What does Franks' departure mean for taxes, budget stalemate?

  • State Rep. Jack Franks, a Democrat from Marengo, announced Sunday he is no longer seeking re-election to the House, and instead is running for McHenry County Board chairman.

      State Rep. Jack Franks, a Democrat from Marengo, announced Sunday he is no longer seeking re-election to the House, and instead is running for McHenry County Board chairman. Bob Chwedyk | Staff Photographer

  • Michael Walkup

    Michael Walkup

 
 
Updated 10/20/2016 10:10 AM

A longtime suburban lawmaker known for breaking with his Democratic colleagues on matters of taxes, budgets and labor issues announced Sunday he wouldn't run for re-election to the Illinois House.

State Rep. Jack Franks' decision to try to lead the McHenry County Board comes at a time when House Democrats hold a veto-proof majority in the House over Republican Gov. Bruce Rauner's fellow GOP lawmakers. But that historically large majority often hasn't held up for Democrats in part because of Franks' dissents.

 

"I think I can make a much bigger difference," Franks said of his decision to run for McHenry County Board chairman. "I'm working so hard to help people at home, and it's being undermined by a board that doesn't have the taxpayers' best interests in mind."

The Marengo Democrat says he'll finish his term, so he's planning to be in Springfield as the budget war between Rauner and top Democrats continues. Still, any disruption in the power struggle between Rauner and Democratic House Speaker Michael Madigan is likely to attract serious interest as both sides continue to spar.

Franks often votes against Democratic budget and tax plans, anyway. Democrats in the House have 71 members, enough to override a Rauner veto if they all stick together.

But they often haven't, and Franks' votes along with Democratic Reps. Scott Drury of Highwood and Ken Dunkin of Chicago have often meant Rauner's vetoes stand.

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The drama will continue to play out as a bipartisan group of lawmakers led by Rauner's budget director came up with a package of budget ideas last week that includes an income tax hike. And the state hasn't approved a full state budget that's now in danger of becoming a year overdue.

"Maybe this will help break the deadlock, the gridlock. Because the fact is, I keep hearing about this mythical 71. You know, do all the tax increases. But it's not real," Franks said. "It's a mirage."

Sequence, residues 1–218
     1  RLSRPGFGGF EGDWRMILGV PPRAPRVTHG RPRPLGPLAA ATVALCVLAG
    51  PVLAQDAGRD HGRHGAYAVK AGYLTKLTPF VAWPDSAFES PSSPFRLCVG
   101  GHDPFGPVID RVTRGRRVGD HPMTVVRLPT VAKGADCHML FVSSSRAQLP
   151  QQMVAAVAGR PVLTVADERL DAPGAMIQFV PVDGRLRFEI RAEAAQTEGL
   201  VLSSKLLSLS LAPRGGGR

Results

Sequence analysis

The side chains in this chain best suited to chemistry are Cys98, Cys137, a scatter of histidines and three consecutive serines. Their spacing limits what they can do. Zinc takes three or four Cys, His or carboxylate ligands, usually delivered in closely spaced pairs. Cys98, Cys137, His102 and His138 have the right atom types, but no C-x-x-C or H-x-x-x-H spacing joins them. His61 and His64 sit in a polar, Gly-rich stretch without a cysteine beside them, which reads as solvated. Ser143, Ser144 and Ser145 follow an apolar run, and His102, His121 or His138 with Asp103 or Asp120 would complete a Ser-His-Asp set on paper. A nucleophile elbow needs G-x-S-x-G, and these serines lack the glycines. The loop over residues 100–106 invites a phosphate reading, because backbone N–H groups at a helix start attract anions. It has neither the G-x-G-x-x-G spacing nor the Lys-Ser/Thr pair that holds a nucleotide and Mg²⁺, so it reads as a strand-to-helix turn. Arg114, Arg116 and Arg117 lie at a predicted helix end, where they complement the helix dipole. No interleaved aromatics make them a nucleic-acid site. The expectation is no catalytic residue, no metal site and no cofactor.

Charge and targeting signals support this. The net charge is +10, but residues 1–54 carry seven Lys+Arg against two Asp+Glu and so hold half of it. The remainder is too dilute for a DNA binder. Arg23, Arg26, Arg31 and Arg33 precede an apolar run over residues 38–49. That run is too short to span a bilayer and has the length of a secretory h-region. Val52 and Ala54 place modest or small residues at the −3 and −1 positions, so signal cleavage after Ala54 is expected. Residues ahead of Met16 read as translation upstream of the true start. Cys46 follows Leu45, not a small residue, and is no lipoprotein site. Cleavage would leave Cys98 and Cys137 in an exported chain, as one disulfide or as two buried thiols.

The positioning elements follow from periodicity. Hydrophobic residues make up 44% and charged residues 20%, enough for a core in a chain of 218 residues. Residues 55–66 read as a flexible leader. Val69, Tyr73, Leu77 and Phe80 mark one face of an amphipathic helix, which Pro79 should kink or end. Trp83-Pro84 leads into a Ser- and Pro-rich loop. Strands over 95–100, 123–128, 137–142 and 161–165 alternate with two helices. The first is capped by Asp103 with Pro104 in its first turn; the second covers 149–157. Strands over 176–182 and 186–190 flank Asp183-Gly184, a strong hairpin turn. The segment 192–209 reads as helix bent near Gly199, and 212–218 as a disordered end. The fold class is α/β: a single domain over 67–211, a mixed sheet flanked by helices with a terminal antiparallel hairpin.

The McHenry County Democratic Party met Sunday and chose Franks as its candidate for the chairman's post. He will face Republican Michael Walkup, a county board member from Crystal Lake, in the Nov. 8 election.

"Jack Franks has been attacking the county board for the last several years," Walkup said Sunday. "If you have someone who's not able to get along with other county board members, he's not going to be able to accomplish anything, whether he's county board chair or not."

                                                                                                                                                                                                                       
 

In February, Franks publicly questioned whether 18 county board members are working enough hours to receive pension benefits. He also was at the forefront of a movement -- ultimately rejected by the county board -- to cut the number of townships in McHenry County from 17 to eight.

In his announcement Sunday, Franks sharply criticized the board for rejecting consolidation, and said current leadership "relies too much on raising our taxes and too little on making the tough choices."

Walkup described McHenry County as "one of the best-run governments" in Illinois.

"Instead of staying in Springfield, where he now has some influence, and trying to fix some things there, (Franks) is putting his tail between his legs and running home," he said.

Democrats have until late August to nominate a replacement for Franks in the 63rd District race. Steven Reick, who challenged Franks unsuccessfully in 2014, is the Republican candidate for the House seat.

Franks will be trying to win a countywide race in a place known for trending Republican, even as his district kept sending the Democrat to Springfield. In 2012, for example, McHenry County voted for Republican Mitt Romney for president, even as traditional GOP stronghold DuPage County voted for Democratic President Barack Obama.

Franks has served in the state legislature since 1999, after upsetting a Republican incumbent in the 63rd House District that encompasses the northern and western portions of McHenry County. A bid for re-election would have been for his 10th term.

The county board chairman's seat has historically been filled by a county board member chosen for the post by fellow board members. Voters passed a referendum in 2014 to make it a publicly elected office.

Franks said it's legal for him to run both for re-election to the House and for the chairman's spot, but he's declining to do so.

Walkup said Franks' entry to the race is a "shot in the arm for local Republicans."

"It'll force everyone to come together and put all their differences aside and work toward a common goal," Walkup said. "I think it'll be very positive in the long run."

Last year, Republican state Rep. Mike Tryon of Crystal Lake announced he wouldn't seek re-election, so McHenry County will be largely represented in the Illinois House by two new faces starting in 2017.

"I think that the dysfunction in Springfield has really gotten to me," Franks said.

• Staff writer Lauren Rohr contributed to this report

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